Dental Education Lecture: Why Do We Need Crowns?

Fig.1

Fig.2

Fig.3

Fig.4

Mrs. White had toothache in her molar tooth several years ago and had to get root canal (Fig.1 arrowhead) and silver filling (A, amalgam) done.  After the initial treatment, severe pain was gone.  She hesitated to return dental office to get a crown for protection.  One day, she felt sudden severe pain with the molar tooth while she was having a meal.  Casual look at the tooth from the front reveals a barely noticeable crazing line (black arrowhead, Fig. 2).  When you look at from the top (red arrowhead, Fig.2), cracking line is more obvious (2 arrowheads, Fig.3).  When we lift the smaller portion of the tooth, you can see that the tooth is completely split into two halves (Fig.4).  It is obvious that the tooth is non-salvageable.  What a pity.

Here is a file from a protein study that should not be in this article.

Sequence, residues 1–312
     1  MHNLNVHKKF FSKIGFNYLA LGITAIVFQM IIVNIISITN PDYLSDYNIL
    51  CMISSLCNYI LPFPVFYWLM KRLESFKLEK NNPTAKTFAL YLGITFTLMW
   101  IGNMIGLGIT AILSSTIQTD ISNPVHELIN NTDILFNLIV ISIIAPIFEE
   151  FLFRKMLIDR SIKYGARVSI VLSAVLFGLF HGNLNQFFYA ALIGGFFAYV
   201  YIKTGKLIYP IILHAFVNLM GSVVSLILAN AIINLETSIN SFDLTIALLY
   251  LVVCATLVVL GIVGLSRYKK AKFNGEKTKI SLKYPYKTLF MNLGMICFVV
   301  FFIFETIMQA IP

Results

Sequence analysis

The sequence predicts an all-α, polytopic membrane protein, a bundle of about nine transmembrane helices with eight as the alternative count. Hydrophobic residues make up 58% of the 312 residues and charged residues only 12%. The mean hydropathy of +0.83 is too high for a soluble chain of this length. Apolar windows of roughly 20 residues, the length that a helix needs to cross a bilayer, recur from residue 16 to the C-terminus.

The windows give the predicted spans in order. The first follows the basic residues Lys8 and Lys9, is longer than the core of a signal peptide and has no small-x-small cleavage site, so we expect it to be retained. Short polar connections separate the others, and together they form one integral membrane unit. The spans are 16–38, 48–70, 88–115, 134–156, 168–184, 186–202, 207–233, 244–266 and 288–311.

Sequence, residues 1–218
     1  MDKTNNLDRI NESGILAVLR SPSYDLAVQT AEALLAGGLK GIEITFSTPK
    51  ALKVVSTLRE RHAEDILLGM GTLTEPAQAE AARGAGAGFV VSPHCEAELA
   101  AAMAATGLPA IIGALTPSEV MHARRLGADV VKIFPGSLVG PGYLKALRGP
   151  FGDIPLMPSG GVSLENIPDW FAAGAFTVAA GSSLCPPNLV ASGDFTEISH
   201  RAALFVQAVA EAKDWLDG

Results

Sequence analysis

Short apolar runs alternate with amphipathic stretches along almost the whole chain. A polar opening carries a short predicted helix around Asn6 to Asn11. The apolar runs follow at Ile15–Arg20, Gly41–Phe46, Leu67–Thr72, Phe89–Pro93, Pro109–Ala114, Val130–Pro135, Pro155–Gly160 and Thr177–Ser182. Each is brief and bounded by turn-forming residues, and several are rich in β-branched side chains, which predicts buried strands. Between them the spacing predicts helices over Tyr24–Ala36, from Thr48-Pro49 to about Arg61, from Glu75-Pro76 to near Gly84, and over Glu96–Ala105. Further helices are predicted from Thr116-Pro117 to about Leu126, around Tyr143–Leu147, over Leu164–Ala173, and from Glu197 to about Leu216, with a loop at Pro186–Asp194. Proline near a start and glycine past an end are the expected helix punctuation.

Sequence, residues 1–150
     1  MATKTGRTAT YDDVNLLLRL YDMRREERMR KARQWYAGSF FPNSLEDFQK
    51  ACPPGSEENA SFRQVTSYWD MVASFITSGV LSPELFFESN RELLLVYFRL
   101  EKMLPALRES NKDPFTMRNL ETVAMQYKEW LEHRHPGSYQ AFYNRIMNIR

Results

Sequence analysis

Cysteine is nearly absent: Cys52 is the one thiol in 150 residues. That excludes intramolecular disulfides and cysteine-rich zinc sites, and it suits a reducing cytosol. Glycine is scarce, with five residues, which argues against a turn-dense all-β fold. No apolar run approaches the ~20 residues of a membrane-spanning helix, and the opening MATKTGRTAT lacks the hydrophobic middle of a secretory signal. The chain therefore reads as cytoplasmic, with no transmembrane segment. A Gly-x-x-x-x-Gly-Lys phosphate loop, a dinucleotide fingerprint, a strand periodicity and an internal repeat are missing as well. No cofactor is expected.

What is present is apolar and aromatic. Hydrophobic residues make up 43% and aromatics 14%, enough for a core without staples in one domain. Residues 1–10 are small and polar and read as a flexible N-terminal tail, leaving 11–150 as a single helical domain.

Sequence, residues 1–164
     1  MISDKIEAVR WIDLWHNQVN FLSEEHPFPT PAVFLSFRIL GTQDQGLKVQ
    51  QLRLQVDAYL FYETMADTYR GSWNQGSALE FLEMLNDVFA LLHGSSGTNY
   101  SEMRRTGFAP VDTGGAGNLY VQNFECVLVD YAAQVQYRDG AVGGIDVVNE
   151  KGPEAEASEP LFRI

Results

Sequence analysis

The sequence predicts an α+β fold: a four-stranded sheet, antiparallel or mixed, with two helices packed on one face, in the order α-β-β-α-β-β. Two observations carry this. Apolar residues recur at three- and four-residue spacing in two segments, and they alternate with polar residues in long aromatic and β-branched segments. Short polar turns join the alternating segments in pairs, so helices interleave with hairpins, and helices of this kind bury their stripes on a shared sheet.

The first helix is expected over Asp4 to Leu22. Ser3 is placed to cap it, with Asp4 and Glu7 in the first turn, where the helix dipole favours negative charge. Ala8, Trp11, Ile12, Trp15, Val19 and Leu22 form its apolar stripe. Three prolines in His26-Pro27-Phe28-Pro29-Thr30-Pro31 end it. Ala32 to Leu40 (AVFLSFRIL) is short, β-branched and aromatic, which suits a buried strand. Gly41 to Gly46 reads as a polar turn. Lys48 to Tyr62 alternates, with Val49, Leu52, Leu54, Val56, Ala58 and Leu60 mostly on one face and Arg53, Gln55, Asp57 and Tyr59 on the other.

When our back tooth is weak due to a large cavity, especially after root canal, we should routine crown the tooth for full protection.  However, we may not need a crown for a front tooth after root canal, if it is pretty intact.  Our back teeth sustains enormous biting force.  The chance of tooth crack is high for back teeth.

In next lecture, we will discuss crown and bridge application.

Xin Wei, DDS, PhD, MS 1st edition 02/12/2009, last revision 02/13/2009